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    New report: electric + solar homes the best economic decision for buyers

    Geraldine Chua

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    New homes that combine electricity with solar power will save their owners up to $18,000 more in energy costs compared to homes that run on gas and electricity, according to a new report by the Alternative Technology Association (ATA).

    The report, Household Fuel Choice in the National Electricity Market, looked at the total cost of ownership (purchase, installation and running cost) over the next 10 years, and found that the best economic decision for homeowners is to establish new, all-electric home with a 5kW solar system.

    “There is just no reason economically for new homes to be built with both electricity and gas,” says report co-author and ATA energy analyst, Dean Lombard.

    “This has been the case for many years in Australia’s north, but it’s now also clearly the case in colder climates like Victoria and Tasmania. Heat pump hot water and split system air-conditioning systems are just far more efficient than gas appliances, and solar systems are cheaper than ever.”

    Practically, this means homeowners should invest in efficient electric appliances like heat pump hot water systems, split-system air-conditioners and LED lighting working with large solar systems.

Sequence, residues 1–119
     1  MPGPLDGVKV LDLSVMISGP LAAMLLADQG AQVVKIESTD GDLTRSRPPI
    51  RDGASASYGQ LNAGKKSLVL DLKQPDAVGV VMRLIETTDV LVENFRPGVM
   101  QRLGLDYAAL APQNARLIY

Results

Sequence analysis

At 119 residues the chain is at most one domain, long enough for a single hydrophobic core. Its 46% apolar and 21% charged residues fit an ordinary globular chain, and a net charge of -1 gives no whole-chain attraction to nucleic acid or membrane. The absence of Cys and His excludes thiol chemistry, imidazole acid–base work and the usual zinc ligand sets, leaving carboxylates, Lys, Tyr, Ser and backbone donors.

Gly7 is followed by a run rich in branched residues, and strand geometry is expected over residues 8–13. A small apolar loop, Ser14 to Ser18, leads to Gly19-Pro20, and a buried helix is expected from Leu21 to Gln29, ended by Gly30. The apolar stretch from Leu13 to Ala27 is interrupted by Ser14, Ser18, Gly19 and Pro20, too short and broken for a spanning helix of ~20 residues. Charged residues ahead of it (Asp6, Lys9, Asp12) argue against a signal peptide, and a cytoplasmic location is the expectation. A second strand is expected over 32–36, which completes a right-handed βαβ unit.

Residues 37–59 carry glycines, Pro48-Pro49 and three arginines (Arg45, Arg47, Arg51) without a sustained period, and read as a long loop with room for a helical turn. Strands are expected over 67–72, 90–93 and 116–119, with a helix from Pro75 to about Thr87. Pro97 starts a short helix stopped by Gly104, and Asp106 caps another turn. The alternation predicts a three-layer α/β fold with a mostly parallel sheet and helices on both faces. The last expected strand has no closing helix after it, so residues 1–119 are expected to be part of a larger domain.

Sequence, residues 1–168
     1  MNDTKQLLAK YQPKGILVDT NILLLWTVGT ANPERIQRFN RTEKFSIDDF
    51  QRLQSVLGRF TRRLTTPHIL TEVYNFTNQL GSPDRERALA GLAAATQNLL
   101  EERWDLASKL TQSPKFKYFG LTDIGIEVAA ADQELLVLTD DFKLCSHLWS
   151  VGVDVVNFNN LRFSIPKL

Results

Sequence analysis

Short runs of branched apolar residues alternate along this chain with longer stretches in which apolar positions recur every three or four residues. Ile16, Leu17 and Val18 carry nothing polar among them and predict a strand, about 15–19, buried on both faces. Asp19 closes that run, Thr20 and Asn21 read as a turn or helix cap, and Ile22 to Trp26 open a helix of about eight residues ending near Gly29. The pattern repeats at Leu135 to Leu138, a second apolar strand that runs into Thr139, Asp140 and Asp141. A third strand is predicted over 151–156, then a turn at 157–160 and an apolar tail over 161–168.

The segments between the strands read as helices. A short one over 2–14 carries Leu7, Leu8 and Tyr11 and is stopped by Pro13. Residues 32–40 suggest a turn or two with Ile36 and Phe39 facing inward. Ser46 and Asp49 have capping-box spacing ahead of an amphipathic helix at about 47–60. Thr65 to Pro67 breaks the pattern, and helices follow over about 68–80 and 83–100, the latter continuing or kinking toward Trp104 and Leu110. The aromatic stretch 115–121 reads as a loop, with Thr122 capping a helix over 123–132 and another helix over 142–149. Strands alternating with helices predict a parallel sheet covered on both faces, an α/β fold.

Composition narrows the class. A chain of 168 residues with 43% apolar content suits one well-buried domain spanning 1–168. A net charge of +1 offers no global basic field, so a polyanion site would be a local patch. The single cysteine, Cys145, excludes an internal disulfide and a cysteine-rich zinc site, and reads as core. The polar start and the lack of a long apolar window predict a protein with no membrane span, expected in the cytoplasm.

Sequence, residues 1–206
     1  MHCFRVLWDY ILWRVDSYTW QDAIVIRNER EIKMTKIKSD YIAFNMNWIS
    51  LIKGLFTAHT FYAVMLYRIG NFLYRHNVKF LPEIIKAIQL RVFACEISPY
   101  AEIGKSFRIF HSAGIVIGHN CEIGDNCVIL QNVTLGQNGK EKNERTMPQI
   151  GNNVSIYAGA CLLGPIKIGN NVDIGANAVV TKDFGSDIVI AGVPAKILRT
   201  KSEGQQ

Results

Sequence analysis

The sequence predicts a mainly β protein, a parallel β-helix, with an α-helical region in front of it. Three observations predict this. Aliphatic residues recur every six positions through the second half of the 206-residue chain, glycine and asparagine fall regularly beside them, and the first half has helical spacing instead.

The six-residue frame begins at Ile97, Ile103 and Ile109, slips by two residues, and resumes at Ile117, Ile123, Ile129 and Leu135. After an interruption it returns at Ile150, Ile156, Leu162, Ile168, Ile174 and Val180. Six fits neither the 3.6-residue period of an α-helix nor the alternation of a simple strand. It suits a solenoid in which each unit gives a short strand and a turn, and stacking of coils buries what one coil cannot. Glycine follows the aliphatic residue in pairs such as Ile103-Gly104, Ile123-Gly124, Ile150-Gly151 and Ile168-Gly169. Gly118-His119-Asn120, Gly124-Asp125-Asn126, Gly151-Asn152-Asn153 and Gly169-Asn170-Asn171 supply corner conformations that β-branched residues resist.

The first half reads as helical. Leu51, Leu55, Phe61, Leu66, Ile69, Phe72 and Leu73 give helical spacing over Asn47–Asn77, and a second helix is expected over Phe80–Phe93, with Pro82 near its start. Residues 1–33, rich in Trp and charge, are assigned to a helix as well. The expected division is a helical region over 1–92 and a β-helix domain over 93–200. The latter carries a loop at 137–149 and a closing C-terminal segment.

The only exceptions are Sydney and Adelaide, where the cost of going all-electric or dual-fuel is similar—if the home does not feature a solar system.

    Funded by Energy Consumers Australia, the report seeks to guide residential consumers on the most cost-effective options for new Class 1 dwellings across different climate zones, as well as gas and electricity pricing zones.

    Along with new home buyers, it also calls for the education of building and energy industries in the “substantial value of solar-based, all-electric homes”.

    “New Class 1 dwelling approvals will total almost two million by 2030. Very few of these would be unable to install solar PV for technical reasons,” the report states.

    “Given the rate of connection to the reticulated gas grid of new homes in the major Australian cities, it is imperative that consumers understand the significant cost impact of choosing to establish a new home as dual fuel versus all-electric with solar.”

    The paper also found that existing policies and programs that subsidise or support the expansion of gas networks should be reviewed. In particular, it points out the questionable marketing of gas as cheaper and more efficient as electricity.

    “Rolling out new gas infrastructure is simply not efficient and is not in the long-term interests of residential households,” Lombard said.

    Furthermore, the continued promotion of reticulated gas to new Class 1 dwellings could lock most of those new home buyers into significantly higher energy costs for the medium to longer term.

    To read the ATA’s full report, click here.

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